Nahaylo: Okay, before we go on to discuss what you’ve been up to in Ukraine, let’s pause and talk a little bit about the Pavlychenko Folklorique Ensemble. Now, I’m lucky enough to know Saskatoon where you’re from in Saskatchewan. My first wife was from that province and I’ve seen your Ensemble perform many times, but tell us and our audience a little bit about this now-legendary state of the art Ukrainian-Canadian folklorique ensemble. When was it founded?
Korolyuk: That’s a very good question Bohdan. The Ensemble was founded fifty years ago in 1967 to be exact. It was founded by the late Lusia Pavlychenko and this year we celebrate our fiftieth anniversary, so it’s a very special year for us.
Nahaylo: Tell me, was she born in Canada or was she one of the newly arrived after World War Two?
Korolyuk: No, Ms. P, or Lusia, she was a kid of immigrants. So her parents were both born in Ukraine but Lucia and her two sisters, three kids, were born in Saskatoon, Canada.
Nahaylo: And what’s the secret? How has this Ensemble managed to keep going and be so successful for half a century?
Korolyuk: Well, first of all I would say Lusia was a very passionate person, and very artistic. So she attracted lots of dancers. But the main boost, and root of it, I would say is the big Ukrainian community in Canada, especially Western Canada. And Western Canada, I’m talking about Saskatchewan, Alberta, Manitoba, those provinces actually last year we celebrated 125th anniversary of Ukrainian settlement in Canada. 125th anniversary! That tells…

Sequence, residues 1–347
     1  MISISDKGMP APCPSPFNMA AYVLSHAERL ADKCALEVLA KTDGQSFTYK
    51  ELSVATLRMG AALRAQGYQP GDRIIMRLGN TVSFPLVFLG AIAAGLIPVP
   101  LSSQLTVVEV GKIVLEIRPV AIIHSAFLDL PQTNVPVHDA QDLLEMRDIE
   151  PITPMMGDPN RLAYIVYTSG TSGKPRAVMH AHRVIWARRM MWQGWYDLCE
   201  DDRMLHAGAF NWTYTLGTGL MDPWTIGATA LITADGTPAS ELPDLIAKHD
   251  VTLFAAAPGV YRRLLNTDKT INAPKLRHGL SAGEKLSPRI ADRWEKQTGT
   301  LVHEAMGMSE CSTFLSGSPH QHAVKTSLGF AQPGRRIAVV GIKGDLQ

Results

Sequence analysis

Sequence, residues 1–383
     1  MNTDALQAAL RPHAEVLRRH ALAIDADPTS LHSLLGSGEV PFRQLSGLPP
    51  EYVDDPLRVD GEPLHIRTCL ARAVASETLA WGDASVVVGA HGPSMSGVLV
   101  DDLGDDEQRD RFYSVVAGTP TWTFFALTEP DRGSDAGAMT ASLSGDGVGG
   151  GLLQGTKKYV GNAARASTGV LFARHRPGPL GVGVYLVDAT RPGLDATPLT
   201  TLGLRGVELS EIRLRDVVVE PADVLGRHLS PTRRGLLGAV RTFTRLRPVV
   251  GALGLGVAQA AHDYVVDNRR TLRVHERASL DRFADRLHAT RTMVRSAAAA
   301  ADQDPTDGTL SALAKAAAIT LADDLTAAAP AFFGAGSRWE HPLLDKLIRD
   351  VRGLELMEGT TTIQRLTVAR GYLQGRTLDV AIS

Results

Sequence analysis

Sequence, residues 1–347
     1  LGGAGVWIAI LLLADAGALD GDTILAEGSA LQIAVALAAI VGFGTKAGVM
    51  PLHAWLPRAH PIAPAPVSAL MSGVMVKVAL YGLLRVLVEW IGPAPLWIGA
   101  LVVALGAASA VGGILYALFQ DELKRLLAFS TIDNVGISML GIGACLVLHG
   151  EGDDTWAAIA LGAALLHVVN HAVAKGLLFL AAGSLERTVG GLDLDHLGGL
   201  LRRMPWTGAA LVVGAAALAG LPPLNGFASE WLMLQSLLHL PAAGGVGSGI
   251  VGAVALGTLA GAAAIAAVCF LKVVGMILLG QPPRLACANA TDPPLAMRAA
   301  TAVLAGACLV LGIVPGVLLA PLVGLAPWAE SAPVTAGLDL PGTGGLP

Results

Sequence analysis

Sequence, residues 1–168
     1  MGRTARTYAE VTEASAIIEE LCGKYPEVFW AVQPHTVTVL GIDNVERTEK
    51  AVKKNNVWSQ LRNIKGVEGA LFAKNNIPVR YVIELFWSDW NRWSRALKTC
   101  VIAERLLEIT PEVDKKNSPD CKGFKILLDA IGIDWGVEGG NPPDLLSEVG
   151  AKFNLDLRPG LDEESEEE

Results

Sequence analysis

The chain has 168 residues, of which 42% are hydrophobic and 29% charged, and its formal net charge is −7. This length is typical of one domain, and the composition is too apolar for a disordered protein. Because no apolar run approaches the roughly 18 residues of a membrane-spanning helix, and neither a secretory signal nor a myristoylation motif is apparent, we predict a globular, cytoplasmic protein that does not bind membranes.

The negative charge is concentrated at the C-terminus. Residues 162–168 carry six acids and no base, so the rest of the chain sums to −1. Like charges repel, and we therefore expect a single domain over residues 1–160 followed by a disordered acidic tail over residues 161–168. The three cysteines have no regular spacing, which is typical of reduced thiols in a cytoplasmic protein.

Nahaylo: That’s impressive.
Korolyuk: That’s impressive! Down east, Ontario, I would say there is the newer generation. That’s mostly the immigration,
Nahaylo: After World War Two.
Korolyuk: Correct, yes, so the Canadian prairies, those three provinces, Ukrainians have been there for four generations. In Saskatchewan, I believe, 14% of the population of Saskatchewan identify their,
Nahaylo: Their origins as Ukrainian.
Korolyuk: Correct, yes.
Nahaylo: Tell me, now I know that there were very strong dancing groups in Winnipeg Rusalka and Shumka in Edmonton
Korolyuk: In Edmonton, yes.
Nahaylo: And certainly in Toronto and elsewhere. What is the state of play now? Are there still as many good dance ensembles in Canada?
Korolyuk: There are. And since my time being in Canada,
Nahaylo: You were invited from Ukraine as a professional dancer and choreographer?
Korolyuk: Correct. I assisted Pavlychenko in 1992 to organize and manage their tour in Ukraine.
Nahaylo: You were trained in Kyiv.